"Every morning when I get out of bed, I don't declare, 'Let's see what valley I can go ruin today,'" he says. "No one here desires to do stupid things. Our rigor with upholding environmental regulations is strong."

Conservationist Zimmer with the Transboundary Watershed Alliance says the pace and magnitude of development in British Columbia is proceeding too quickly and needs further study.

Mr. Neufeld counters that the IJC is merely a tool for "obstructionist environmentalists" in the US who want to shut down Canadian development.

The provincial government and a private mining company this year withdrew coal mine plans in the upper Flathead drainage at Cabin Creek, B.C. Yet in the coming weeks the province intends to auction off rights to drill for methane on nearly 100,000 acres near the Flathead and Elk rivers, an even bigger worry, say environmentalists concerned about large volumes of waste water.

The Flathead Basin is home to abundant wildlife, including the largest concentration of grizzly bears in southern Canada. Cabin Creek crosses into the US and forms the western boundary of the joint Waterton Lakes/Glacier National Parks before emptying into Flathead Lake.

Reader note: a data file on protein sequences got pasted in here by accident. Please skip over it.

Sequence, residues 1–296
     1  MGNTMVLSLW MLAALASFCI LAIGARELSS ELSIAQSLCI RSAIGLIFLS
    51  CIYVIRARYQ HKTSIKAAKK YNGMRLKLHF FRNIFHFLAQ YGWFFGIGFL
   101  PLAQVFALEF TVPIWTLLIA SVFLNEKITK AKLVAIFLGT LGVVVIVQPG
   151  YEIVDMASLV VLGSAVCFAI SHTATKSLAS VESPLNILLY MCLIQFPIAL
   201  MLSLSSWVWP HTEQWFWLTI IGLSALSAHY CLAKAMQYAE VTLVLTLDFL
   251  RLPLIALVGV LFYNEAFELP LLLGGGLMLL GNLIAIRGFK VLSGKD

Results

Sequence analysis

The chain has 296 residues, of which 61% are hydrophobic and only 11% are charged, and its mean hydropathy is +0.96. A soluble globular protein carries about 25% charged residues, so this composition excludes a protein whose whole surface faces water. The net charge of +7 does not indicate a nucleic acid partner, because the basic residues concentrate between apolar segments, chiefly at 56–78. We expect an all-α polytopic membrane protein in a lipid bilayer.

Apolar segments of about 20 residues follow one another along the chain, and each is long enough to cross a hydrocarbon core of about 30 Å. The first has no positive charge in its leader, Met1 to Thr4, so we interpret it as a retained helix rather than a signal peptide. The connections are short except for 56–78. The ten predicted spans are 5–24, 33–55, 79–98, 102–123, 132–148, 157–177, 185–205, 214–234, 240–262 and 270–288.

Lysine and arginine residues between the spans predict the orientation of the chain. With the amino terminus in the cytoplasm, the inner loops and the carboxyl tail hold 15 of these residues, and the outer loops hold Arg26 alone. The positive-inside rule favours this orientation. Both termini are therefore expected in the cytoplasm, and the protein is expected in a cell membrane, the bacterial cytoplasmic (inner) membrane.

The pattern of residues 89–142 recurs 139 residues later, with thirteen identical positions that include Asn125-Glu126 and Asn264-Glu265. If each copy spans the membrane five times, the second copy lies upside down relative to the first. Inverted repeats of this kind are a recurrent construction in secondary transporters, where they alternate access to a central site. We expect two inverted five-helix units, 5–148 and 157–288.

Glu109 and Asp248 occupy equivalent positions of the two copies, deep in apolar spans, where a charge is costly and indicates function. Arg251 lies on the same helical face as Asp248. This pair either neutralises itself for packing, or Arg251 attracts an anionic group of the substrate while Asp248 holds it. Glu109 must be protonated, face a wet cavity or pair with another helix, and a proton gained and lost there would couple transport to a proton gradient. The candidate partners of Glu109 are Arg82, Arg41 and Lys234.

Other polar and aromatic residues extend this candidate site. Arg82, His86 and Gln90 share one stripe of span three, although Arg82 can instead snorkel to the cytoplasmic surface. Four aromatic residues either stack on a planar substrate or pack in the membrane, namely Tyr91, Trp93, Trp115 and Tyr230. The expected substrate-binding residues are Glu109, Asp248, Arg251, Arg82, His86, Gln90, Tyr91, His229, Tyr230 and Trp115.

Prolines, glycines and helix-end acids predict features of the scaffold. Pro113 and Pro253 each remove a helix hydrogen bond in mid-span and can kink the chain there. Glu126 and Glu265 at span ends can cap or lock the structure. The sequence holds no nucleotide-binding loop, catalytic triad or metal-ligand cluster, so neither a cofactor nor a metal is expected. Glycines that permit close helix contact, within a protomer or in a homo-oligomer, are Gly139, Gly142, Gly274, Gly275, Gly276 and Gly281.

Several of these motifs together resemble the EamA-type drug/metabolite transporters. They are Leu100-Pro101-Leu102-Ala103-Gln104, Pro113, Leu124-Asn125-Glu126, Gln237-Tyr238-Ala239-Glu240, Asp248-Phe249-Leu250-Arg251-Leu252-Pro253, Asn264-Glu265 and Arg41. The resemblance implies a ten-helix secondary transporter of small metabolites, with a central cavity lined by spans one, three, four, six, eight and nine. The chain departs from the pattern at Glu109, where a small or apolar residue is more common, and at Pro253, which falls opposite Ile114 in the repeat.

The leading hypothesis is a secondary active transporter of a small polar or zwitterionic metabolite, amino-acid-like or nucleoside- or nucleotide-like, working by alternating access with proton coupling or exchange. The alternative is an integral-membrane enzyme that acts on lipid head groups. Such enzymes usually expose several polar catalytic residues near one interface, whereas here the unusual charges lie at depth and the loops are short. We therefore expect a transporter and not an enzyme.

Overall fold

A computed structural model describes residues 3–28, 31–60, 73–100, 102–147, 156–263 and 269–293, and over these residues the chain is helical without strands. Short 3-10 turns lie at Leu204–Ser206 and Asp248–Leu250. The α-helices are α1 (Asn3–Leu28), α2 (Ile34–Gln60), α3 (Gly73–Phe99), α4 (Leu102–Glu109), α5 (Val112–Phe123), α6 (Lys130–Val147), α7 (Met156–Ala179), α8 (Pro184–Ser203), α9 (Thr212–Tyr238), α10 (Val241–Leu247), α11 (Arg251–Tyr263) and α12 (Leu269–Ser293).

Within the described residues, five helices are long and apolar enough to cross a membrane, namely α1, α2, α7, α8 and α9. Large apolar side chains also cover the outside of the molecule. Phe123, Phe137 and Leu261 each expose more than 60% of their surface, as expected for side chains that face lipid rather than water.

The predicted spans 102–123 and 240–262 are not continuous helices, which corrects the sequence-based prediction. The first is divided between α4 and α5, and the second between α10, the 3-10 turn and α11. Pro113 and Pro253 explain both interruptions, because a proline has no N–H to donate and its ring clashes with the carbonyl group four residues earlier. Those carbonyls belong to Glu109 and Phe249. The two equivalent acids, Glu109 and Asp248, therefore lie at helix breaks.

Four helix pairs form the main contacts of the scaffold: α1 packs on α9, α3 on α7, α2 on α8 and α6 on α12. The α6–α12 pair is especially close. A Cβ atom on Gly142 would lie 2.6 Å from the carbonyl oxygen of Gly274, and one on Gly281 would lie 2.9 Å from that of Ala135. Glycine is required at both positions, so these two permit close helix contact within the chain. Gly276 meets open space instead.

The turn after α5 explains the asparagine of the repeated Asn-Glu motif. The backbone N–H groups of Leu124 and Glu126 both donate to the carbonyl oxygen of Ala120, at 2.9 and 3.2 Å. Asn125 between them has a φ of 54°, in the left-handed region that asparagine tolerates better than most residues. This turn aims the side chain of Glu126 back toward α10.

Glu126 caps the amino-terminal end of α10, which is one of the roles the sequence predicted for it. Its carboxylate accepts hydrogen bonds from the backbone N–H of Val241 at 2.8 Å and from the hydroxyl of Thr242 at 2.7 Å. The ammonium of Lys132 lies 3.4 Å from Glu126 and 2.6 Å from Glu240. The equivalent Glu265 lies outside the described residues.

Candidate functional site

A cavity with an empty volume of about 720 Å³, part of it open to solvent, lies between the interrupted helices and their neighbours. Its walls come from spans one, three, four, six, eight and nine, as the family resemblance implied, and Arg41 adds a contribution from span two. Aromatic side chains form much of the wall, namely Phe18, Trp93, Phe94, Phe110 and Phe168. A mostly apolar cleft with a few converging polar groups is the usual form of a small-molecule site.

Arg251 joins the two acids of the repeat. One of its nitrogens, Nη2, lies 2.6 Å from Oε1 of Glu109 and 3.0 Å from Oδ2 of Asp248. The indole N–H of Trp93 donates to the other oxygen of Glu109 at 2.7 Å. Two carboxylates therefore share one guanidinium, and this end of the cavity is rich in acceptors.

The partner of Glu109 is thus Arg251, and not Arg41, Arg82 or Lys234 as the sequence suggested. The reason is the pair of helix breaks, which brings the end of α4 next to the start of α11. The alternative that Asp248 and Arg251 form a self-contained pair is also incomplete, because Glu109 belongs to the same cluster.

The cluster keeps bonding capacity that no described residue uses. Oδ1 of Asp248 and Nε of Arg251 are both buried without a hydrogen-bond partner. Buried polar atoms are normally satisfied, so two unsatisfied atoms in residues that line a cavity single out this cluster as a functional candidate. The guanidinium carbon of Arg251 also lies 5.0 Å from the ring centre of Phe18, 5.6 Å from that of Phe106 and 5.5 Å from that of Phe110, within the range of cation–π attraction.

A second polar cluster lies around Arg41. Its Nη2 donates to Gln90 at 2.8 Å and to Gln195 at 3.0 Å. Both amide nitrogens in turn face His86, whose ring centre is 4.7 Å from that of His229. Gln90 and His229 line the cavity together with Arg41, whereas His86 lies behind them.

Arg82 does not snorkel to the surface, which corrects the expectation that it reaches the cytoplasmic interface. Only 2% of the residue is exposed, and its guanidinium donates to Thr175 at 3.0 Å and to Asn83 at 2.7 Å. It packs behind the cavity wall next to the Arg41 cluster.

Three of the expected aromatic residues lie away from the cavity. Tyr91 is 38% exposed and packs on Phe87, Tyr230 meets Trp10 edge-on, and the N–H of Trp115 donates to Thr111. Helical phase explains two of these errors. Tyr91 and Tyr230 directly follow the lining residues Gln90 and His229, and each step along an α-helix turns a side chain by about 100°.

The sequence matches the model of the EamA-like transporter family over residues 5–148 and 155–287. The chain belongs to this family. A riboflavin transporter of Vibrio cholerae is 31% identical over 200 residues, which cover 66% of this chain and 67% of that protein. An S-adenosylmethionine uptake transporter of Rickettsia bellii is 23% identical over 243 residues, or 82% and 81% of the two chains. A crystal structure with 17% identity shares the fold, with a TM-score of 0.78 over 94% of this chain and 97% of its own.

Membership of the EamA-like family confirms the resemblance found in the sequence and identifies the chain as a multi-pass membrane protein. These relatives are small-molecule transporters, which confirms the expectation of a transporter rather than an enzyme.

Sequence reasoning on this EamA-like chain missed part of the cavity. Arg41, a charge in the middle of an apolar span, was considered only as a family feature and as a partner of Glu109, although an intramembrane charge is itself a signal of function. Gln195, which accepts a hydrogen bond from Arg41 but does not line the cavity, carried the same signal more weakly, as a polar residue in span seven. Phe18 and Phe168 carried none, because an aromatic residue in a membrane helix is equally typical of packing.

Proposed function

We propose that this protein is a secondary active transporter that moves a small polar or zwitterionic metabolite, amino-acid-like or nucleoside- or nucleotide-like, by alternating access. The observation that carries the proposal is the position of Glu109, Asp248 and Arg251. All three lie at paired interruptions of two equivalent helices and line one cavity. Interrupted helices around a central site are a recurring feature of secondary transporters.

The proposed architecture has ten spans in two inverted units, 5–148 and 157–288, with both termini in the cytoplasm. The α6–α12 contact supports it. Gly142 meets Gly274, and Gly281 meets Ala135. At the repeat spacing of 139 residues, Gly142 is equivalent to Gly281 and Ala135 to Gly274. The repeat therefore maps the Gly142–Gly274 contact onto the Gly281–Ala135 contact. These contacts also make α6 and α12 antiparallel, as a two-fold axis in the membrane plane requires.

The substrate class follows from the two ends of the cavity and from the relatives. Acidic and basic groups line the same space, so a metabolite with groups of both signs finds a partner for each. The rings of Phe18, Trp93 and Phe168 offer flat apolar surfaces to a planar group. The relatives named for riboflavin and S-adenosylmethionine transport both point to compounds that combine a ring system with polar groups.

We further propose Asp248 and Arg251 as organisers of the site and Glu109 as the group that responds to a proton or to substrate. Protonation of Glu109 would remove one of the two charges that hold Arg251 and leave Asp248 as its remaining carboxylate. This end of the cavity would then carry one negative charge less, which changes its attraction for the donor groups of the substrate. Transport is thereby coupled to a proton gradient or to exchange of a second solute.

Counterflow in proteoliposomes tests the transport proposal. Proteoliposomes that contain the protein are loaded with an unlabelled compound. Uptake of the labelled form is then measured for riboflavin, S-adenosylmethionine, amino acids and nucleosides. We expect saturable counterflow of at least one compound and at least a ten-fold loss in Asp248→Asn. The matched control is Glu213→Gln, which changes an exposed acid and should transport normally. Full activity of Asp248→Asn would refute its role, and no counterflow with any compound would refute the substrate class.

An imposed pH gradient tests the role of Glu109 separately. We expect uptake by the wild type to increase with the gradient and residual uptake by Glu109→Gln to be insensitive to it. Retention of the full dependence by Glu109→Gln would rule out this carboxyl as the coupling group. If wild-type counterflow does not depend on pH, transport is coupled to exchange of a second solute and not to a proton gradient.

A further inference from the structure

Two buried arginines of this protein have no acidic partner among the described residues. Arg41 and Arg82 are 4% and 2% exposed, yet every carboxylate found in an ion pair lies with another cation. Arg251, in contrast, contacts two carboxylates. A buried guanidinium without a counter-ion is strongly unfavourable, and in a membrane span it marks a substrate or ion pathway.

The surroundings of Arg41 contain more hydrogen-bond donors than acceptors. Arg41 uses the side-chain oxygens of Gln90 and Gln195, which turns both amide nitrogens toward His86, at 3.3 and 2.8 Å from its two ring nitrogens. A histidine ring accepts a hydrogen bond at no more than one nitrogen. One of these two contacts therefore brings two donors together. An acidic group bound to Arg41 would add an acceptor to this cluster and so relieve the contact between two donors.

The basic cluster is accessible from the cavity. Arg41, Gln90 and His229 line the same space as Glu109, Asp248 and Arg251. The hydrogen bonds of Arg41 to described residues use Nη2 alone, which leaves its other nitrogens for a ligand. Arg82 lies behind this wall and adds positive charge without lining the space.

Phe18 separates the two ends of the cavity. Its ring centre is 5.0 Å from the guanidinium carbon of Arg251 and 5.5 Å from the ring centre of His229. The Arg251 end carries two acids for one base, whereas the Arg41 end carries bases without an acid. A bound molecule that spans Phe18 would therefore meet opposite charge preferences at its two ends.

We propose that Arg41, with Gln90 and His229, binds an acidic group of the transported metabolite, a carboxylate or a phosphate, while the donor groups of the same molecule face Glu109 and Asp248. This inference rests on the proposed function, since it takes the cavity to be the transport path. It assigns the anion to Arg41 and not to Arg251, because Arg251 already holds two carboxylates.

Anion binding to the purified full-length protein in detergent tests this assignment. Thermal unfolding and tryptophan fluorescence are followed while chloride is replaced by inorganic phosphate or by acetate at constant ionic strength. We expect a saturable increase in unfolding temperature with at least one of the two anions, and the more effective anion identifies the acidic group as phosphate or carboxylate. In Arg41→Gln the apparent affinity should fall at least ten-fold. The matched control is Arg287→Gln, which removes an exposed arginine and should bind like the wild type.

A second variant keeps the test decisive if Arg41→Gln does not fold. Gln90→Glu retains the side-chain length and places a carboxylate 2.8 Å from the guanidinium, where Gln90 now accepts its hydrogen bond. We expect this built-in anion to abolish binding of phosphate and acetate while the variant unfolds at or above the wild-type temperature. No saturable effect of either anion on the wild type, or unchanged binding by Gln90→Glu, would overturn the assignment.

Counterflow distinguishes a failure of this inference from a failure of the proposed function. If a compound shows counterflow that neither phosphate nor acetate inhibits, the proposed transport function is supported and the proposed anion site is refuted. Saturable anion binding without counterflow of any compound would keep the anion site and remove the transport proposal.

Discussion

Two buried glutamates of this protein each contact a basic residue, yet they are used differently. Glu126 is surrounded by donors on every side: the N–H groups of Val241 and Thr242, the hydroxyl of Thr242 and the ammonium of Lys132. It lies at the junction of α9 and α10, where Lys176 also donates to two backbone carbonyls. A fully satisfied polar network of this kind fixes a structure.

Alaska Gov. Frank Murkowski says he is comfortable with B.C.'s environmental review, but his counterpart in Montana, Gov. Judy Martz (R), demands additional study. Montana's US Sens. Conrad Burns (R) and Max Baucus (D) back the call.

"If the Canadians are going to go forward with coal-bed methane drilling, then they need to meet US environmental standards ... because it impacts us," said Burns spokesman J.P. Donovan.

David Thomas, city councilman from Fernie, B.C., notes that officials from this coal mining and resort town recently passed its third resolution calling for a comprehensive ecological, social, and economic study. That request, along with one sent from the Chamber of Commerce in Kalispell, Mont., was rejected by Neufeld.

In Alaska, Bart Koehler, an activist with the Wilderness Society, says there's far more at risk than commercial fisheries. The mine also is being challenged by the Taku River Tlingit First Nation tribe, which opposes the tailings disposal plan and construction of a 100-mile access route to the mine across its land holdings.

"In your mind's eye, picture Yellowstone Park. The Taku watershed is twice that big without a single road in it," Mr. Koehler says. "Today, it has all the species of wildlife that were there before Europeans. But once the road goes in, it will open the door to more roads, more mines, more logging clearcuts, and more pollution."

Which is perfectly fine with Govenor Murkowski and Neufeld who say such industrial activity, as already happening in the lower 48, will create jobs and economic opportunity.